to, with, Carol

We have been wed, you and I
not only together but with and into and . . .
and under now the leaf-kicked
tracks of the generations
we have longed again to re-create among the leaves.

We require no language outside our senses
sharing as we all do—
the two of us, the leaves,
the memories and the remembered
sound of yester-leaves crisp-crunching under foot.
We trail at the feet of our fellow yester-persons.

The sight of leaves fluttering in front of us
and the dry smell of autumn
that we would not help re-create to share
among us all—we, all who have

“talked our extinction to death.”
But we can afford to treat the issue gently
as our seemly gesture to Earth
until all are finally buried and mulched
under the last and heaviest soothing snow-and-footfall.

Now, perhaps, it might be courteous to live it lastly,
to learn to lie quietly, harmlessly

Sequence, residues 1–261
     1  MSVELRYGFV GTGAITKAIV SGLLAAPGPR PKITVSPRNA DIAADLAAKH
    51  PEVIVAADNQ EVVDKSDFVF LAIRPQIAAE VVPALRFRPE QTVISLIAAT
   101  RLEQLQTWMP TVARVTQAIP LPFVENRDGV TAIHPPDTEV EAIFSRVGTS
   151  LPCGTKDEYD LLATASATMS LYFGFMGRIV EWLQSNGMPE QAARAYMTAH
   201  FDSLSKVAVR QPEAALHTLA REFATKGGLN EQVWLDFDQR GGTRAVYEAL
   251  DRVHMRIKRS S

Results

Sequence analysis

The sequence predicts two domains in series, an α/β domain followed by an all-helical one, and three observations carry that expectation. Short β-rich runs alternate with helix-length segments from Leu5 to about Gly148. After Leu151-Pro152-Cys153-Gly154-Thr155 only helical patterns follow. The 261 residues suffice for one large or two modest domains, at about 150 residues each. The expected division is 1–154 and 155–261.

among shades of brown and rust of oak leaves
determined to remind us
of our familiar contracts,
or to abide by wisdom to restrain
the exhaustion of our winter distances.

I do not remember promising to return
to next year’s falling shades.
I have had occasion to long in my autumn folly
to have kept an imagined promise of staying.

From first consciousness
we were brought to an edge of memory
in our neglected summers until
we learn out of time finally to enjoy among them
the return from green to gold, red, brown, yellow.
To green, like

Penelope’s live tree that found her way
into our garden, by its seed self-planted We remember,
you and I wherever,

Persephone’s red blossoms, the gift of her leathery fruit,
your shared beads of pomegranate,
your gesture of our happy equality now
and in our ancient seasons.

Richard Fenton Sederstrom was raised and lives in the Sonoran Desert of Arizona and the North Woods of Minnesota. Sederstrom is the author of seven books of poetry, his newest book, Icarus Rising, Misadventures in Ascension, published by Jackpine Writers' Bloc, was released last winter. Read other articles by Richard Fenton.